In June of this year, the OECD Accession Plan for the Republic of Croatia was adopted in Paris and it was a great success considering the challenging global circumstances. After all, Croatia recognizes and shares the main values of the OECD – democracy and the rule of law, as well as social justice. Our accession process began in July, and the process of reforms and alignment with the best practices of OECD member states awaits us, but we are already very serious in our efforts to fulfill all the tasks that lie ahead of us. OECD represents a key platform for creating policies and exchanging initiatives that shape the global economy. Membership in this important organization also has a strategic importance for us because it will contribute to the further strengthening of our economy, but also to the most important thing – a higher standard of living of our citizens.
6. You were recently in Rome at the Mediterranean Dialogues, how important is cooperation with the Mediterranean countries for Croatia, given that it recently became a member of MED9?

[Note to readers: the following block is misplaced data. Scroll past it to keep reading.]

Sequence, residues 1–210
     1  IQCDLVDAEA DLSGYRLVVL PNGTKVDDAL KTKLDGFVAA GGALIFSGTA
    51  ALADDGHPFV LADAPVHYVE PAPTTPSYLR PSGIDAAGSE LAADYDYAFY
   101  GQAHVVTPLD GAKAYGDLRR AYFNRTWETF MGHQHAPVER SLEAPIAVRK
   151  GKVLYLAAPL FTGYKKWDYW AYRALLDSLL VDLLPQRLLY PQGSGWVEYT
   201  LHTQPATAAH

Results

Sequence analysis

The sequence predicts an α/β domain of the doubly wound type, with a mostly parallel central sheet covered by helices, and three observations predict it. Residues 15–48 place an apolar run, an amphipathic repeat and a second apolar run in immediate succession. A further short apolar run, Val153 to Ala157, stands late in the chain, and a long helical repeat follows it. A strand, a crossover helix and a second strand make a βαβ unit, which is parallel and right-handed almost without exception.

The dimension of Mediterranean cooperation and strengthening of relations with countries belonging to the Mediterranean region is very important to us. We recently discussed the European neighborhood policy and the global food crisis during the conference in Rome, and I emphasized that Croatia strongly supports the preservation of stability in the region through comprehensive economic cooperation and the policy of enlargement of the European Union and NATO. In addition, I emphasized our ambition to become the energy hub of this part of Europe, but also beyond. In this context, the North Adriatic Hydrogen Valley project, a collaboration with partners from Italy and Slovenia, will certainly significantly contribute to energy diversification, which is of exceptional importance for the overall stability of the region. Clearly, the current energy crisis and the fastest possible transition to renewable energy sources can only be managed through stronger regional cooperation. We must be pragmatic and face the future. Therefore, the LNG terminal of 2.9 billion cubic meters on the island of Krk positioned Croatia as a regional energy hub, and thus contributed not only to our own energy security, but also to that of neighboring countries. And we made the decision to expand from 2.9 to 6.1 cubic meters of gas. Equally, the fastest possible development of the Ionian Adriatic Pipeline is an important step towards the diversification of European gas supply routes. We also discussed the important role of the Food and Agriculture Organization and the United Nations in response to the current food crisis at the recently held Second Ministerial Dialogue on the Food Security Crisis. We strongly support the UN’s role in a comprehensive response to this problem through cooperation with partners and international organizations. The current level of insecurity in the global food supply is a direct result of the effects of the COVID-19 pandemic on the world economy, disruption of supply chains, extreme weather conditions and global armed conflicts. Russia’s aggression against Ukraine has worsened the food availability situation around the world to extremes. After these global experiences, there is no doubt that it is necessary to adapt the world’s food and energy systems in the future in order to prevent using them as a weapon or a means of blackmail